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How I Spent My Summer Vacation

How I Spent My Summer Vacation

Released 11 May 2012
Director Adrian Grunberg
Starring

Mel Gibson, Peter Stormare, Dean Norris
Writer(s)

Mel Gibson, Adrian Grunberg, Stacy Perskie
Producer(s)

Bruce Davey, Mel Gibson, Stacy Perskie
Origin United States
Running Time 95 minutes
Genre Action, drama
Rating 16
70

Happy holiday.

There was once a time when Mel Gibson’s off screen antics could be separated from the films he made, but it seems those times have long passed. Following a recent burst of controversy surrounding yet another alleged anti-Semitic outburst, Mel’s latest attempt to make it back into box office success failed to even secure a theatrical release in the US – instead being relegated to a Video on Demand distribution model. Which is a pity, because How I Spent My Summer Vacation is exactly the sort of popcorn munching thrill ride that works best on the big screen.

The film kicks off in medias res, with Mel’s unnamed anti-hero driving for the Mexican border with a suitcase full of stolen cash and a dying partner in the back seat. Things get a lot worse before they get better, and soon Mel is locked in a Mexican prison, penniless, alone, and fighting to survive.

With Gibson on co-writing duties, it is clear that the lead could never be played by anybody else. How I Spent My Summer Vacation harks back to the roles that made Gibson the big name that he is, and since we learn little about his past, the protagonist almost could be Martin Riggs from Lethal Weapon or Porter from Payback. How I Spent My Summer Vacation is in many ways a pseudo-sequel to Mel’s whole action career, which captures the tone of Payback in particular. The wild eyed, chain smoking, wise-cracking reluctant anti-hero is one we’ve seen before. It is hardly a spoiler to say that he finally gets dragged into doing the right thing and saving the day.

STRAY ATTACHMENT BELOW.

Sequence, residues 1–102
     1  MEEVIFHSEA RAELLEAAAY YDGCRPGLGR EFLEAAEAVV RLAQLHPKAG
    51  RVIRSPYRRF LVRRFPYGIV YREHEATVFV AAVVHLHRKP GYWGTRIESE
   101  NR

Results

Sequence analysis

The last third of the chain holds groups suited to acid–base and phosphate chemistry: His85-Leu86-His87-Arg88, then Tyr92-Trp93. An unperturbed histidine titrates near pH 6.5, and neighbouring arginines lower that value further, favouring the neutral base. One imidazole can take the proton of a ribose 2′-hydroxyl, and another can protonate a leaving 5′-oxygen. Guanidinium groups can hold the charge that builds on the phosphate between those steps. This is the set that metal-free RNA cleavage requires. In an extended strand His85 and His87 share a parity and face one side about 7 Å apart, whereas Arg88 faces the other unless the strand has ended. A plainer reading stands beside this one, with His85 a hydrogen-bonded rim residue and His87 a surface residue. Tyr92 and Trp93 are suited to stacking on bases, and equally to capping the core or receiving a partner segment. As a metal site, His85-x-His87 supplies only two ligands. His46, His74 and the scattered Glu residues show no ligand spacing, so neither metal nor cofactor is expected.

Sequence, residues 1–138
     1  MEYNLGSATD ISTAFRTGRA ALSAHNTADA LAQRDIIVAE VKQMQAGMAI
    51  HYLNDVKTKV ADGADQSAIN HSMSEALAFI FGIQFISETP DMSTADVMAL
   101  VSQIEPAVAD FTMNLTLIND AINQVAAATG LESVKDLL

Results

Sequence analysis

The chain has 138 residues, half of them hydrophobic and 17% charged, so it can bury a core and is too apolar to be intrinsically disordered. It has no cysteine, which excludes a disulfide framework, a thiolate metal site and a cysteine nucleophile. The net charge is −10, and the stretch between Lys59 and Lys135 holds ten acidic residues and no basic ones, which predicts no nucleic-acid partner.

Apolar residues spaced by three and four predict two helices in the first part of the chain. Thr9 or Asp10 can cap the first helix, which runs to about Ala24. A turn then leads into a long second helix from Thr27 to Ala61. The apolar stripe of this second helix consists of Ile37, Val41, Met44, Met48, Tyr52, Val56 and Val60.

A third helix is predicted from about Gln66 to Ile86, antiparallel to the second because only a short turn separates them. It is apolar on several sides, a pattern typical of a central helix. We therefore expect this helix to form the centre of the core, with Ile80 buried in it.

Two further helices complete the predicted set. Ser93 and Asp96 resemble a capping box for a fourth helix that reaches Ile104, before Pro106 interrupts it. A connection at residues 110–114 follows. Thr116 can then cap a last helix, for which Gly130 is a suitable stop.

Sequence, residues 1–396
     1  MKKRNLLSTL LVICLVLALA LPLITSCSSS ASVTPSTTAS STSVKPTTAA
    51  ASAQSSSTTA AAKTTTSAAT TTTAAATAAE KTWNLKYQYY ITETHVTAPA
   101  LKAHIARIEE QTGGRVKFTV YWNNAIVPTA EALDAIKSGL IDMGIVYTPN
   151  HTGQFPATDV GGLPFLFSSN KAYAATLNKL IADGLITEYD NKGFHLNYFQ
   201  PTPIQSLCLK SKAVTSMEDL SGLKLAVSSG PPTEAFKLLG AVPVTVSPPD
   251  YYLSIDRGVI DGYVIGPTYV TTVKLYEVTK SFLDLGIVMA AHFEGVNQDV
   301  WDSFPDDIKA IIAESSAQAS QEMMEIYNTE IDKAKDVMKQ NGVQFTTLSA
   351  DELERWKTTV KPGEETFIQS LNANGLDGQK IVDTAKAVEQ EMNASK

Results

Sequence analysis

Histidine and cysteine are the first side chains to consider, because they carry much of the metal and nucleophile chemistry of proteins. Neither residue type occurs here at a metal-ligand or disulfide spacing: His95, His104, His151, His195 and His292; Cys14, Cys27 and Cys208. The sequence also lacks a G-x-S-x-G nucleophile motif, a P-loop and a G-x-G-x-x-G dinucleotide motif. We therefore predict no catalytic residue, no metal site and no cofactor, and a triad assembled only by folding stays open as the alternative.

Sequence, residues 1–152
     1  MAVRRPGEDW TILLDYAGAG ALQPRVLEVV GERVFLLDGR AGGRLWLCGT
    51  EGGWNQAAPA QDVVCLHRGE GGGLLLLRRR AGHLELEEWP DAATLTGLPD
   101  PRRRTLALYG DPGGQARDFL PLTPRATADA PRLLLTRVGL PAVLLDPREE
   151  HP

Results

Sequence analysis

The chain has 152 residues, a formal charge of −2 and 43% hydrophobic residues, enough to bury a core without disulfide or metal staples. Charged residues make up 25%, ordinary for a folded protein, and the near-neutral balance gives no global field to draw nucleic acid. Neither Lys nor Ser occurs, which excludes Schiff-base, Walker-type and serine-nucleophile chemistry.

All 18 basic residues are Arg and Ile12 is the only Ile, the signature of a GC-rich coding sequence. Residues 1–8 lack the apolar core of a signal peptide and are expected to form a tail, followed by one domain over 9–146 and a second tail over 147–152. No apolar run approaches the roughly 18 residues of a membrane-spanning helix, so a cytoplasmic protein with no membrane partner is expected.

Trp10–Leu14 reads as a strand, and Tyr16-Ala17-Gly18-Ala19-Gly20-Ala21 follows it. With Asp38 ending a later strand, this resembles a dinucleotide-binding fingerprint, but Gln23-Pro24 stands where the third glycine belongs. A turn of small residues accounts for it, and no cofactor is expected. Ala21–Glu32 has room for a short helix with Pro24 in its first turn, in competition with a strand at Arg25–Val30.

At heart How I Spent My Summer Vacation is a fun loving action thriller, played with tongue firmly in cheek. With plenty of knowing nods to Robert Rodriguez, John Woo, and above all Sam Peckinpah, the stylised, slo-mo action sequences are beautifully handled. Furthermore the film never succumbs to a dark or serious tone which would ruin the enjoyment. It isn’t going to raise any serious questions about the drug wars in Mexico, or the social problems created by Mexico’s overcrowded prison system, but it never tries to. Above all else How I Spent My Summer Vacation never commits the sin (unlike Mel himself, I suspect) of taking itself too seriously. It sets out to entertain, and succeeds.

- Bernard O’Rourke